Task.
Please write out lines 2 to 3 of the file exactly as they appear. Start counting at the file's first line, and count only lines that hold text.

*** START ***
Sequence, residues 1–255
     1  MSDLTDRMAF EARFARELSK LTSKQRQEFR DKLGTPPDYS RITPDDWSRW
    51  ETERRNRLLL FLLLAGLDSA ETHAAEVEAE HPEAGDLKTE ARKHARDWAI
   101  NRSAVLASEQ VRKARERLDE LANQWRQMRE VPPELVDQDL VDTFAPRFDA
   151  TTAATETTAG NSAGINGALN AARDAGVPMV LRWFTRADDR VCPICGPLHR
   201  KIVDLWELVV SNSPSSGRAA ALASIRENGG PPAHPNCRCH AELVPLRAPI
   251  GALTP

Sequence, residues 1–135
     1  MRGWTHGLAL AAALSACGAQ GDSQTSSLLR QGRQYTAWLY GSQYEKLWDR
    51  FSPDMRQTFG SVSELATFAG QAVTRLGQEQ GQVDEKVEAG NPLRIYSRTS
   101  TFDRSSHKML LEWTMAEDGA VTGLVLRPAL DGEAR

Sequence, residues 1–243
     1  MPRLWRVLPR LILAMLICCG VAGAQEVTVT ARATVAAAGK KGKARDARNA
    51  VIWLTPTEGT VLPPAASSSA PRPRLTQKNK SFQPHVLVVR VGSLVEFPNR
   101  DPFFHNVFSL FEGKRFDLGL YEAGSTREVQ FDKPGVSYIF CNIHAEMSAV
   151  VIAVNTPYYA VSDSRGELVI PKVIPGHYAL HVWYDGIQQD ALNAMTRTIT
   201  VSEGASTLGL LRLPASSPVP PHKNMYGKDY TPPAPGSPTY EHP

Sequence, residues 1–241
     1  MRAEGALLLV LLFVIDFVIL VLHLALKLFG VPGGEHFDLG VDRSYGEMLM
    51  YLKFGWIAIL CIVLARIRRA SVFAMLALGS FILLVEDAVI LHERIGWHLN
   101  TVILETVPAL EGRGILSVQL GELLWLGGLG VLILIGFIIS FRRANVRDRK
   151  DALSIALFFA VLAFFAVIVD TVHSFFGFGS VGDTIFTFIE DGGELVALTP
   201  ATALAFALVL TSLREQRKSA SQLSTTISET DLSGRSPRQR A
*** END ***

     1  MSDLTDRMAF EARFARELSK LTSKQRQEFR DKLGTPPDYS RITPDDWSRW
    51  ETERRNRLLL FLLLAGLDSA ETHAAEVEAE HPEAGDLKTE ARKHARDWAI